Michelle Heaton – known for her glamorous show-business career as a TV personality and singer with Liberty X – has experienced emotional turbulence since she entered the menopause when she was only 33. Here she speaks about coping with early menopause and her top tips.

What is early menopause?

It was a consequence of preventative surgery – a double mastectomy and hysterectomy – to reduce her cancer risk, because she carries the BRCA so-called ‘cancer gene’ mutation. The result meant coping with early menopause and worrying about being ‘normal’.

“Menopause is a bit like childbirth, in that no two experiences are the same. While there’s no ‘one size fits all’, that’s not something to despair about. I spent too long wondering, worrying and stressing over whether I was ‘normal’ in menopause,” admits Heaton who, with refreshing honesty and candour, details the last six years in her book, Hot Flush: Motherhood, The Menopause And Me.

The 38-year-old mother-of-two says: “It’s only recently I’ve embraced the fact that there is no normal in menopause, and everyone’s experience is likely to be different. I hope what I’ve learnt will help others.”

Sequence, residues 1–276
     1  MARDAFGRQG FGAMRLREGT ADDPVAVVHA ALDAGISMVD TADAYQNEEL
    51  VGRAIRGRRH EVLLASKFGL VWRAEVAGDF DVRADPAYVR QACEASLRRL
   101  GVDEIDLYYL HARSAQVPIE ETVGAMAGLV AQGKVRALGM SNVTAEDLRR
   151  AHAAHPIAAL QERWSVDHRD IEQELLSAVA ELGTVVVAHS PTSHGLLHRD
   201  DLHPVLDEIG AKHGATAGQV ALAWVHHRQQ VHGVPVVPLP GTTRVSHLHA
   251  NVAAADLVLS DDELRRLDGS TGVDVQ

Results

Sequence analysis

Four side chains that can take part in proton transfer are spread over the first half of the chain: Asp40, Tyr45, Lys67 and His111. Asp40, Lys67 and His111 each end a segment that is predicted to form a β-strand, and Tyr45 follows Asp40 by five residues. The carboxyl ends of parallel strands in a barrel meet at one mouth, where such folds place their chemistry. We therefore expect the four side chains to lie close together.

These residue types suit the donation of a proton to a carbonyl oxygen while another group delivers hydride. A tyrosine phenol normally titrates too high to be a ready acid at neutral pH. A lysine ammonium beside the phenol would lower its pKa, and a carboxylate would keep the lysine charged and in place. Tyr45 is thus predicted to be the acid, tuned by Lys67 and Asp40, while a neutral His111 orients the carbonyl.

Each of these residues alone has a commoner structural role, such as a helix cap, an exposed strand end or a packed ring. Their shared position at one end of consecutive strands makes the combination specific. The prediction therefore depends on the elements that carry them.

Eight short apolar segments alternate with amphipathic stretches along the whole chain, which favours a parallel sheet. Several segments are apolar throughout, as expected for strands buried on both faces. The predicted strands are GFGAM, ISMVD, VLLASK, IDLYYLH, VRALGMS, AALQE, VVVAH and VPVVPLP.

Recommended: 6 ways to treat menopause symptoms without taking HRT.

Here’s her advice on coping with early menopause.

Coping with early menopause

1. Keep a diary

Coping with early menopause - keep a diary and record your thoughts.
Writing down thoughts and feelings can help you offload and be a relaxing routine when coping with early meopause (Antonio Guillem,Thinkstock/PA)

“I now realise that having a space to unburden myself, as well as a document of my experience, would have been incredibly emotionally beneficial in my recovery,” she says.

“So whether you’re in early menopause or about to undergo surgical menopause, record your feelings and emotions in the run-up and during it – I promise it will help you.

“I didn’t and I wish I had. If I’d been able to keep track of those waves of emotion, they’d maybe have been less scary, and that record would have given me a perspective on what was happening.”

2. Get information on coping with early menopause

Talking to an expert will help to guide you and give you reassurance (Nortonrsx/Thinkstock/PA)
Talking to an expert will help to guide you and give you reassurance (Nortonrsx/Thinkstock/PA)

“Ask whatever questions you want or need answers to. It’s such an uncertain and unpredictable time. Your emotions can change hourly and that’s exhausting in itself. Not to mention the fact you’ll never, ever know what reactions and behaviours are really, truly you, and what reactions and behaviours are because your emotions are in free fall and you might not have the right cocktail of HRT sorted yet,” she points out.